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How Education Can Revitalise Your Work Life

26 April 2017 No Comment

One of the odd things about the way the American education system is organized is that you are expected to make decisions as a teenager which will inform the rest of your life. Most people are vastly different by the time they’re in the mid-twenties let alone deep into their forties. However, you still have to live with the choices that you made when you were younger. One momentous decision that plays a part in defining your career is the major you chose in college. It may be that you did something because you were passionate about it and you could not imagine yourself doing anything else. If you have managed to find a career that brings together your interests with a comfortable lifestyle, then you’ve accomplished something many people have not. It is quite sad but a recent survey conducted in London, England found that 47% of people wanted to change careers. The breakdown by age is more dispiriting, with a massive 68% of 18-24-year-olds wanting to switch, while 52% of 35-44-year-olds had the same intention. The reasons for this are varied as it could be something as simple as not getting along with one’s colleagues or the more serious need to make more money. Either way, finding a job that is right for you is crucial to your happiness and quality of life.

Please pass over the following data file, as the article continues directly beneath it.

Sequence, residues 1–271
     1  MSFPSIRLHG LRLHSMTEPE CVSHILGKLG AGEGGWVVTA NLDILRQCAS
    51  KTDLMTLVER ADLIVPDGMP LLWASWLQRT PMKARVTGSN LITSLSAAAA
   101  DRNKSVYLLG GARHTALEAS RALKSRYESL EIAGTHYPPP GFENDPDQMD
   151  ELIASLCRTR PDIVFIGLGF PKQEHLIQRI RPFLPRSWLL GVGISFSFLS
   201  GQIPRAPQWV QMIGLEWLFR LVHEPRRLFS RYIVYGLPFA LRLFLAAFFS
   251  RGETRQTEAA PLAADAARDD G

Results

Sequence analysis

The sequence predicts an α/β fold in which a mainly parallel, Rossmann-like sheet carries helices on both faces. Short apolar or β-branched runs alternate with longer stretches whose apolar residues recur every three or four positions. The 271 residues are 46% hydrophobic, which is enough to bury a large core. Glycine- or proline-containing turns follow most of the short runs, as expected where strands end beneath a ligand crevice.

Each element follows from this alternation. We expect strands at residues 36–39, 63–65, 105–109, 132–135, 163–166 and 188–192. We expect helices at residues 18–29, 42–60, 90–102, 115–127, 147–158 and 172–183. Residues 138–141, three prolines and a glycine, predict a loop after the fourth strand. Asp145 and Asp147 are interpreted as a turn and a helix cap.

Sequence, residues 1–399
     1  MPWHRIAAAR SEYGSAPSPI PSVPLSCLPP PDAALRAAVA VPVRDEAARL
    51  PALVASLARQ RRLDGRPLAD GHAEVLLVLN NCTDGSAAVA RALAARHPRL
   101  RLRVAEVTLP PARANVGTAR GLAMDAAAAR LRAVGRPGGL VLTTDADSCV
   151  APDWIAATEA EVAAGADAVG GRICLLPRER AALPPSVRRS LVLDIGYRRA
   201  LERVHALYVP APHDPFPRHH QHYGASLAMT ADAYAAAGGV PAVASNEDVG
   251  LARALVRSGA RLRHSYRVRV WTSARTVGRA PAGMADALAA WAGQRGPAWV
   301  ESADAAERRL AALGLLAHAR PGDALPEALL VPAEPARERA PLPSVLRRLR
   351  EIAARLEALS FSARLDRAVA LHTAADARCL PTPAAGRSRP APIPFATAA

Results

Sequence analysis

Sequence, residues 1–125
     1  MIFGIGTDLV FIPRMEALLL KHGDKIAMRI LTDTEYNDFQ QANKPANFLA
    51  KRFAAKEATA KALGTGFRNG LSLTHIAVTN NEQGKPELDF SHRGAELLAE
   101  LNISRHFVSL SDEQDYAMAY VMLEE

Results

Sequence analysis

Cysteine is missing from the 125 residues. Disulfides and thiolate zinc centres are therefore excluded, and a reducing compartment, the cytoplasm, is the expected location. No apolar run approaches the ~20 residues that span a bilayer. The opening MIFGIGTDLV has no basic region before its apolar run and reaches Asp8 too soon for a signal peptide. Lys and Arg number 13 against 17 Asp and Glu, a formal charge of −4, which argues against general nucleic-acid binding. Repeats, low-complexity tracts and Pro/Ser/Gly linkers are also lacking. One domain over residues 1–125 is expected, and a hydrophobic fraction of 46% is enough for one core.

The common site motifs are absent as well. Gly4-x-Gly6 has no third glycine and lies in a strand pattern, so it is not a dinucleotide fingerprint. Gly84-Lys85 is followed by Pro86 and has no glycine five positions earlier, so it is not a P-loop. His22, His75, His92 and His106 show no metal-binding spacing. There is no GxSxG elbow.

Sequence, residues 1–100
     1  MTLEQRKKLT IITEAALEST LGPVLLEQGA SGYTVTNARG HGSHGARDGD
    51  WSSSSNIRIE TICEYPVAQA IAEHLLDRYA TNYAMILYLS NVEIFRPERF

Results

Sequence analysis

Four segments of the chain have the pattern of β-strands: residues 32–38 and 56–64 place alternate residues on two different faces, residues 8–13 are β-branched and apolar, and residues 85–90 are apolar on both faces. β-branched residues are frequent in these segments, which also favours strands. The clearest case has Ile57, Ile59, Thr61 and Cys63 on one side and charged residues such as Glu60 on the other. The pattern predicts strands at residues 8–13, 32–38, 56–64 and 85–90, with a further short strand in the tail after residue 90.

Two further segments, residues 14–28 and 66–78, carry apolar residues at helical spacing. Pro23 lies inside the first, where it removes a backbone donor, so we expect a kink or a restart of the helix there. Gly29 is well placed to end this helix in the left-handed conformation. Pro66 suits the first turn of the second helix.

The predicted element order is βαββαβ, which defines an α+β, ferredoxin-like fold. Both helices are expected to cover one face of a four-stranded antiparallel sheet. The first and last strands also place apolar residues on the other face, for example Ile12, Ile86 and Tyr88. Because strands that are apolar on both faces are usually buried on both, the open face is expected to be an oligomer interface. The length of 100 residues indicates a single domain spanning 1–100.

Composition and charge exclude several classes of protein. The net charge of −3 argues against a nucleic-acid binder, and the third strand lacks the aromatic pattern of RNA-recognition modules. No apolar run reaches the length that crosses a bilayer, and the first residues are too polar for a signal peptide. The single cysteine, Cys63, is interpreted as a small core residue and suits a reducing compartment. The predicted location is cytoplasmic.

It may be that you are in a job that you do not enjoy because the decisions you made in the past were either ill-informed or just too idealistic. This perspective is one that is prevalent in higher education today. Since workers in STEM industries (science, technology, engineering, mathematics) earn as much as 26% more, some parents are encouraging their children to dedicate themselves to these subjects at university. However, their children may not be interested in those subjects. Being able to earn more money is not a great consolation if you dedicate yourself to something that you’re not passionate about. Turning up to work every day and doing something just to pay the bills is a great way to hate your job.

If you are in the position of being at the mercy of decisions you made when you were still too young to know what was good for you, you do not need to just subsist in something that is not perfect for you. Life is too short for that. Going back to university may not seem like a viable option, but it is. While it can be immensely expensive if you do it full time, there are other options. You could study remotely via the internet (at Maryville University for instance). Not only is it a cheaper option, but it is also more flexible as you can fit it around your work and family commitments.

Going back to school later in life is not as daunting as you may think though. Lots of undergraduate courses are filled with mostly young people but there lots of so-called mature students as well. In fact, in the UK, over 100,000 older students were admitted to university in 2015 alone, a year when 459,550 students were accepted over all.

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